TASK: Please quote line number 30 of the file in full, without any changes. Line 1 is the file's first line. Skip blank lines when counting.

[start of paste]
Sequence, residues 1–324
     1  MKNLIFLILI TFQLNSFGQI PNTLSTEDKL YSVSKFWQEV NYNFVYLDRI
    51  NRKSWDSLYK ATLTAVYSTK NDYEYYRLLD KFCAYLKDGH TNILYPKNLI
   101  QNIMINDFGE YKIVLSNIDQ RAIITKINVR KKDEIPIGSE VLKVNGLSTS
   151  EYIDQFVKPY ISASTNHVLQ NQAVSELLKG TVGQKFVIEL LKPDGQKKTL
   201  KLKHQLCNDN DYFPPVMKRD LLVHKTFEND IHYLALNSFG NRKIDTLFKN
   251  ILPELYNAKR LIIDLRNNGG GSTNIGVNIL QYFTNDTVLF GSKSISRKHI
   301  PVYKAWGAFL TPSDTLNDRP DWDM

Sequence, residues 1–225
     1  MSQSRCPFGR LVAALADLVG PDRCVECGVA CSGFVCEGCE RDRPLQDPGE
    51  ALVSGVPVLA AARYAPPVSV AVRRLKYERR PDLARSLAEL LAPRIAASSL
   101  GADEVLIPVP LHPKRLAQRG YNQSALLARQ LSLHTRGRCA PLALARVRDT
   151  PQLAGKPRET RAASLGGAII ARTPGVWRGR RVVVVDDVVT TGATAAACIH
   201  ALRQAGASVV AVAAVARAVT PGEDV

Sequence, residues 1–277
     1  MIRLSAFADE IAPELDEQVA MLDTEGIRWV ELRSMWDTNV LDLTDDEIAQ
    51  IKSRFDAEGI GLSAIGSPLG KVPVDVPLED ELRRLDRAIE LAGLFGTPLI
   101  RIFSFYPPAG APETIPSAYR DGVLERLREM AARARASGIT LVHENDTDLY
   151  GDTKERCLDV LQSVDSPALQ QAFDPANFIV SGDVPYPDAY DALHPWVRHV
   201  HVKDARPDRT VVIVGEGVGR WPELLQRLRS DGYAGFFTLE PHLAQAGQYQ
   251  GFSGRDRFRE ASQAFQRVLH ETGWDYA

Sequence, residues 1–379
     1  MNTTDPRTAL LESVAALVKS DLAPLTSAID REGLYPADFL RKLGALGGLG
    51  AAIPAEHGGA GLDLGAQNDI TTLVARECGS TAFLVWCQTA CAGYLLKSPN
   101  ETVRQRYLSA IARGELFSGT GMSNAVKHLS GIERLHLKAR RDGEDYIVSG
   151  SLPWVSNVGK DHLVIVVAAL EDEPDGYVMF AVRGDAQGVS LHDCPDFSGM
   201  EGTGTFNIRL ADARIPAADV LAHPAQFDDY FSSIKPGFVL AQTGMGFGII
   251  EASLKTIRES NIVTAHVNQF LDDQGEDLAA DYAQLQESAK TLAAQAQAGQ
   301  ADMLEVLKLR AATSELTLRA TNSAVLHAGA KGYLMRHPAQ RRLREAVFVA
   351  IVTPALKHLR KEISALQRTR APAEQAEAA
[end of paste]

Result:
   351  IVTPALKHLR KEISALQRTR APAEQAEAA